Perma Bulls Cheer Powell's 'Miracle on the Potomac', but the Ground Below is Hardly Terra Firma
Powell's soft landing doesn't fix trouble on the groundJanuary 10, 2024
Fed Chairman Jeremy Powell is attempting to defy history with a DC version of Sully’s Miracle on the Hudson. Since World War II, the U.S. has never avoided a recession within 18 months of annual inflation falling from above 5% to below 3%.
Forecasters surveyed by the Federal Reserve Bank of Philadelphia predict just that, however. By the end of 2024, they say inflation will be 2.5% and real GDP will grow 1.7%. If that’s the case, Powell will have pulled the US economy out of a nose dive of runaway energy, food and goods price inflation without shearing the wings off. Through 11 interest rate hikes totaling 5.25 percentage points since March 2022, inflation will have leveled off back to normal rates of around 2% without the economy crashing into recession.
The market’s perma bulls are already talking 2024 rate cuts and signaling future exuberance.
Federal Reserve Bank of Richmond President Thomas Barkin cheered on Captain Powell’s efforts, but noted in a speech four alternative scenarios, extending the metaphor.
CNBC summarized Barkin’s speech saying, “The economy could ‘run out of fuel’ and growth could reverse; “unexpected turbulence” such as geopolitical events or the banking shock that hit in March 2023; the possibility of “approaching the wrong airport,” where inflation holds above the Fed’s 2% target; and a “delayed landing,” where demand holds unexpectedly high, boosting inflation.
A River of Trouble Awaits on the “Ground”
Barkin’s short-term warnings are sensible. But what he assumed incorrectly in his metaphor was that the plane known as the US Economy would be landing comfortably on an airport’s paved runway and taxiing to a gate, instead of splashing down into an icy river of trouble.
Reckless Disregard for Fiscal Management - The United States has been operating with reckless fiscal disregard for prudent fiscal management for more than 20 years. The US national debt was approximately $5.8 trillion in 2001 and will exceed $34 trillion as of the end of 2023. The national debt increased more than $2.6 trillion in 2023, up from $31.4 trillion at the end of 2022. In addition, annual interest costs on the national debt is now approaching $1 trillion annually and forecasts suggest that the federal debt will reach $36 trillion by this time next year.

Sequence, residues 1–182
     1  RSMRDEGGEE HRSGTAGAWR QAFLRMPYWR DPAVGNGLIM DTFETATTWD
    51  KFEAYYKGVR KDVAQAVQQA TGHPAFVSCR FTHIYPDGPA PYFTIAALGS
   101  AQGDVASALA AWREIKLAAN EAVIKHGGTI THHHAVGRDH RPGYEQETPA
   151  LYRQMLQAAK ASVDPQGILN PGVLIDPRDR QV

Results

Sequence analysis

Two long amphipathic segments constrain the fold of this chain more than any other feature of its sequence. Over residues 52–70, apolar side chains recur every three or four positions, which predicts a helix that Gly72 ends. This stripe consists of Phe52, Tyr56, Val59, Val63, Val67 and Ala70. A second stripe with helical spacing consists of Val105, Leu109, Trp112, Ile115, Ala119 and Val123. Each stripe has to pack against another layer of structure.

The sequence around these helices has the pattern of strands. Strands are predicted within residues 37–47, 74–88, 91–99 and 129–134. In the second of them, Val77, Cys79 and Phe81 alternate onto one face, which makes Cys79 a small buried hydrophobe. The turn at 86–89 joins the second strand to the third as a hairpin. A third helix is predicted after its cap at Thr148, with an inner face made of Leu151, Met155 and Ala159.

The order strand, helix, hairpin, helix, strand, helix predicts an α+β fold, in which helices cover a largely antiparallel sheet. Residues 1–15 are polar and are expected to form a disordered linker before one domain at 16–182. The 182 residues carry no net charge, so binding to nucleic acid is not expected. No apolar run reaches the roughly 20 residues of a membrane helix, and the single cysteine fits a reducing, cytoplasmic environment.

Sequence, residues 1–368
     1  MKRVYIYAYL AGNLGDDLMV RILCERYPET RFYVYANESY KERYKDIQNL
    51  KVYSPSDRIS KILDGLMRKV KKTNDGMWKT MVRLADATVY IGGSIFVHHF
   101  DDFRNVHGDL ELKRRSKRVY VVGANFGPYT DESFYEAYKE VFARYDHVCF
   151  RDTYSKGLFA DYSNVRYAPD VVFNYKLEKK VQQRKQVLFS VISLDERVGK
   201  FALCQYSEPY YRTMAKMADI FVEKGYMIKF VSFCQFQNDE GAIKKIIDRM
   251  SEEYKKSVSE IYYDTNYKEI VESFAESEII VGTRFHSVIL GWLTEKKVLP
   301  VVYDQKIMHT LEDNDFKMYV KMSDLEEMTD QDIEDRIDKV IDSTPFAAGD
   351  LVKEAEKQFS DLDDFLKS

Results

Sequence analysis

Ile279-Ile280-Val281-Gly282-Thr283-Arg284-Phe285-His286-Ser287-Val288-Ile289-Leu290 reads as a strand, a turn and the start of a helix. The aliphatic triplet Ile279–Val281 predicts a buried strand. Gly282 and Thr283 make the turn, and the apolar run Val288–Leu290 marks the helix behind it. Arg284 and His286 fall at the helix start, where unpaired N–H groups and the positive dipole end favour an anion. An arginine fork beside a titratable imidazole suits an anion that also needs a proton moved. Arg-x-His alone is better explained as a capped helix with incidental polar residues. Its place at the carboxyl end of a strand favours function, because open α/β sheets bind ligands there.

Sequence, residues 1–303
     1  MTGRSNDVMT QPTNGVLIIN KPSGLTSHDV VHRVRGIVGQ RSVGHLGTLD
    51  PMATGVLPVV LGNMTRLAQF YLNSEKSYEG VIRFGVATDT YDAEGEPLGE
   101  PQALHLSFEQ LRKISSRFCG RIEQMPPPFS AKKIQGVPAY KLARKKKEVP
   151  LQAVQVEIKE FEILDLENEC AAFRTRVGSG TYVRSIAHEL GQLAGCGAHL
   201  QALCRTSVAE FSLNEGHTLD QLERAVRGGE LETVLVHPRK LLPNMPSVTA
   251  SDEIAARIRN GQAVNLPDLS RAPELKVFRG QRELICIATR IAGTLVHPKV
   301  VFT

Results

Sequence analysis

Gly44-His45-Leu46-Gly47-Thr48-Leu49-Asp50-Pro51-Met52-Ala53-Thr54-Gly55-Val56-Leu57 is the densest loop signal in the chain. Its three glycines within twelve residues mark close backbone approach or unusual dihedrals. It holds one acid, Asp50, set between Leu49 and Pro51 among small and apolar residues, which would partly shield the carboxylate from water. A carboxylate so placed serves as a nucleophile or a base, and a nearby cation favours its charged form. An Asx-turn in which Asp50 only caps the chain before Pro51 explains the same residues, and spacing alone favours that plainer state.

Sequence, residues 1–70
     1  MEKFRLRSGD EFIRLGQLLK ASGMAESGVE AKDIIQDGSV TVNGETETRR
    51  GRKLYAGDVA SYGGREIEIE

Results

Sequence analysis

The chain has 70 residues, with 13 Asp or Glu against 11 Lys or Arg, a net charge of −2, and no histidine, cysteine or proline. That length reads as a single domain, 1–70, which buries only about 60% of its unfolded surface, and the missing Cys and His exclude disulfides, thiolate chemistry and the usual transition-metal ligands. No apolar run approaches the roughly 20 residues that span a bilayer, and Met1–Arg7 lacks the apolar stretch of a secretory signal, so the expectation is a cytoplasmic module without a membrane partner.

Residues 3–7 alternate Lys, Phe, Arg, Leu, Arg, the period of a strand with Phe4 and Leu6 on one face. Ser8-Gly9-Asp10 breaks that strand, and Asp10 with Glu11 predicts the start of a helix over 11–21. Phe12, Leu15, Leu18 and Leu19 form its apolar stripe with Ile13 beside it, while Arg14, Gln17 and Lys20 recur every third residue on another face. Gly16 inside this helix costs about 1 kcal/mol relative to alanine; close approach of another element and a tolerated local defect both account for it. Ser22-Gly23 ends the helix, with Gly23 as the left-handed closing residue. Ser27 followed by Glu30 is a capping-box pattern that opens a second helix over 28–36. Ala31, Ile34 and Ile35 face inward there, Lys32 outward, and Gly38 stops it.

Unsustainable Math of Interest Expense + Continued Deficit Spending - Our fiscal policy remains a significant issue that continues to raise concerns regarding the ability of the U.S. government to finance the deficit spending and the increase interest on the country’s national debt. The US credit rating was downgraded in 2011 by Standard & Poor’s from AAA to AA+ following congressional debate over the debt limit and the increasing size of the government debt. In August 2023, Fitch Rating announced that it had downgraded the US credit from AAA to AA+ as a result of erosion in confidence in our fiscal management. In November 2023, while Moody’s still rates the U.S. at AAA, Moody’s lowered the US government’s credit rating outlook from “stable” to “negative” due to declining fiscal stability.
Funding Shortfalls + Unmarketable Treasuries - The U.S Treasury will have to continue to issue debt in the form of Treasury securities to fund the shortfall in 2024 to finance the U.S. government deficits and interest expense. However, weaker demand in recent auctions has raised concerns regarding the impact of supply and demand for treasuries, potential further credit downgrades, record debt levels, and a looming federal financing deadline to avert a government shutdown in January 2024 following the second continuing resolution provide for an unusual converging set of issues for our leadership to navigate.
The Fatigued US Consumer + Tight Credit - Inflation and rate hikes have battered the US consumer. Rate cuts that may reignite inflation will further weaken an already fatigued consumer who faces higher interest rates and payments on credit cards, auto loans, rent, mortgages, and food. Inflation will also further increase the stress on the banking sector which is already struggling with impaired assets and recently leaning more heavily on the Bank Term Funding Program (BTFP) in response to deposit outflows. The balance outstanding under the BTFP now exceeds $131B and is set to expire in March 2024. An increase in inflation will further constrict the lending environment as banks are shrink themselves into healthier balance sheets and decrease bank profitability. This will adversely affect small and medium enterprises' lending, default rates, unemployment, and commercial real estate.
So…What Happens to the Airplane?
Whether it’s Chairman Powell or Captain “Sully” Sullenberger, we applaud a skillful landing through danger and the safe evacuation of passengers. But what about the plane itself? In this case, the U.S. economy.
The Airbus 320, aka US Airways Fight 1529, is now a relic in the Sullenberger Aviation Museum in Charlotte, North Carolina. Jerome Powell’s plan is cannot become a museum relic. It needs to be overhauled, gassed up and back flying.
The serious challenges the economy faces in 2024 from the fundamental failures of unrelenting deficit spending, accelerating national debt, and a weakened banking system must be addressed.
Chairman Powell’s job is to steer the U.S. economy. The fundamental fixes needed will have to spring up from other voices on Wall Street and in Washington. Perhaps something like the old bi-partisan coalition of Paul Tsongas/Warren Rudman who beat the drums for prudent fiscal management.
That would be infinitely healthier than more cheerleading about rate cuts from perma bulls.